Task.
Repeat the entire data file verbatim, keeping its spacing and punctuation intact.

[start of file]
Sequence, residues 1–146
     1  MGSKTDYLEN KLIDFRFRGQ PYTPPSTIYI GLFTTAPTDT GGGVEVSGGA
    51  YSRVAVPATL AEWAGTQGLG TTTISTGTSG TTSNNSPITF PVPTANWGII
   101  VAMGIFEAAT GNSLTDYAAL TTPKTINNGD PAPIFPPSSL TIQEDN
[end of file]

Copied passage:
Sequence, residues 1–146
     1  MGSKTDYLEN KLIDFRFRGQ PYTPPSTIYI GLFTTAPTDT GGGVEVSGGA
    51  YSRVAVPATL AEWAGTQGLG TTTISTGTSG TTSNNSPITF PVPTANWGII
   101  VAMGIFEAAT GNSLTDYAAL TTPKTINNGD PAPIFPPSSL TIQEDN